|Scientific Name:||Trochetiopsis ebenus Cronk|
Melhania melanoxylon sensu Melliss non R.Br.
Trochetiopsis melanoxylon (R.Br. ) Marais non Cronk
|Red List Category & Criteria:||Critically Endangered D ver 3.1|
|Assessor(s):||Lambdon, P.W. & Ellick, S.|
Although Dwarf Ebonies (Trochetiopsis ebenus
|Previously published Red List assessments:|
|Range Description:||The Dwarf Ebony is found in the wild only at a single locality on the south-western coastal hills of St Helena, South Atlantic Ocean.|
The extent of occurrence (EOO), based on the area of a minimum convex polygon around known localities, is 100 m2. The area of occupancy (AOO), based on a 2 km × 2 km grid, is 4 km2. Following IUCN Red List Guidelines, the EOO is therefore increased to 4 km2 to match the AOO.
The only extant site is a phonolytic cliff on the eastern side of Blue Point Ridge. The bluff is now sometimes known as ‘Ebony Point’.
There is very little evidence from which the original range can be reconstructed. The only previous wild localities which can certainly be attributed to this species were noted by W.J. Burchell in the early 19th Century, at High Hill and Man & Horse. These two historical and the modern site lie within a 2 km radius in the south-western part of St Helena, between 500 and 700 m altitude. Other locations mentioned in 18th Century references (e.g. High Knoll, The Barn) would extend the range across drier coastal hills over almost the entire island, but it is unclear whether these early records refer to T. ebenus or T. melanoxylon.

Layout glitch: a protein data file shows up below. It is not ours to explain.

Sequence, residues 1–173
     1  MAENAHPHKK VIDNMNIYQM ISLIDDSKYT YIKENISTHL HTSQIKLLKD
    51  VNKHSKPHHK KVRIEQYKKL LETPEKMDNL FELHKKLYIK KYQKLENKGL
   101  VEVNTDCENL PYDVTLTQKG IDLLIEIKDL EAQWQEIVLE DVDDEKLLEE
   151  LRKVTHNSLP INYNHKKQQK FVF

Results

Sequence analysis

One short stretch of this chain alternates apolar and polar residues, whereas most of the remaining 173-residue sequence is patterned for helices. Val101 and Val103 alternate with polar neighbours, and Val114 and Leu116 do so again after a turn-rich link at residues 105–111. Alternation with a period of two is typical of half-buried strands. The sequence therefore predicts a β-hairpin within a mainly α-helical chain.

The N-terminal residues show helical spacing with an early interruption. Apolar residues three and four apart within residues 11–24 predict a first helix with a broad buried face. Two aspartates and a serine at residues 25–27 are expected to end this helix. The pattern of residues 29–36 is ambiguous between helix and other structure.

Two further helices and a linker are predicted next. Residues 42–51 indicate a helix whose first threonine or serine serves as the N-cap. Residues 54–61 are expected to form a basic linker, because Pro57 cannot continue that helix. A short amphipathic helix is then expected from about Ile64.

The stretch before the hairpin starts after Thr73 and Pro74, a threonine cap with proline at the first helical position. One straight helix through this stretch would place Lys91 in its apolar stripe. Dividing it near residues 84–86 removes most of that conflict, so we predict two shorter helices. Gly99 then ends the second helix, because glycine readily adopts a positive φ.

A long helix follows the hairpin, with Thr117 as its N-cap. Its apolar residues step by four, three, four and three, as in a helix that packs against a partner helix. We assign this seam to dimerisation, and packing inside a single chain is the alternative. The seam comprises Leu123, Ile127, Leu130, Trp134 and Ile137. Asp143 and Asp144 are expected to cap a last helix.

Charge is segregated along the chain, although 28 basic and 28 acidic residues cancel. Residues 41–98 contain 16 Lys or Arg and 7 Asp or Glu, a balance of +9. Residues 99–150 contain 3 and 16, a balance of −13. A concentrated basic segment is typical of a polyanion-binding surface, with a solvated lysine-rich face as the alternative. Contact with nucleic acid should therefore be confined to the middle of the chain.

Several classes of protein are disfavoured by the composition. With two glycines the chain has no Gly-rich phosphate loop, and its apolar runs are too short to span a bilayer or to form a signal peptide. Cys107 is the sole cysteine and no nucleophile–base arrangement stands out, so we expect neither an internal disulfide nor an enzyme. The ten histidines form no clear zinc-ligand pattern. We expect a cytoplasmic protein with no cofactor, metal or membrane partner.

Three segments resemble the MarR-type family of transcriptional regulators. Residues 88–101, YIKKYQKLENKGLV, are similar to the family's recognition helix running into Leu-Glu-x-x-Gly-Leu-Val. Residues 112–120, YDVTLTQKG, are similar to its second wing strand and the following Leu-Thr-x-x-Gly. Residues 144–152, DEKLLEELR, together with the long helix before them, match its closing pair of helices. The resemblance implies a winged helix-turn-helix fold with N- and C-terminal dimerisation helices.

Native:Saint Helena, Ascension and Tristan da Cunha (Saint Helena (main island))
|Range Map:||Click here to open the map viewer and explore range.|
|Population:||The current wild population numbers just two mature individuals and three juveniles. The juveniles may have self-seeded since 1980, when the site was discovered by George and Charlie Benjamin and Quentin Cronk (see Cronk 2000). Prior to this, the species was thought to have been extinct since 1850, when a garden plant was noted at Oakbank by J.C. Melliss (Melliss 1875).|
|Current Population Trend:||Stable|
|Habitat and Ecology:|
Known locations suggest that the Dwarf Ebony is a species of arid coastal hill tops. It is resilient to dry conditions, but appears to be less tolerant of strong winds or prolonged drought than other endemic shrubs of St Helena’s dryland zone, e.g. Scrubwood (Commidendrum rugosum (Aiton). DC.), and fares better in sheltered locations with less arid soils, provided there is little competition from taller species.
|Continuing decline in area, extent and/or quality of habitat:||No|
|Movement patterns:||Not a Migrant|
|Use and Trade:||The Dwarf Ebony has recently been adopted as St Helena’s national flower and thus has symbolic and cultural value. It makes an excellent garden plant but has not yet been widely grown outside the island. Specimens propagated at the government plant nursery (now managed by the Environmental Conservation Section) have been made freely available to the public and plants are swapped by local gardeners. Thus, although popular as an ornamental, the commercial trade is minimal.|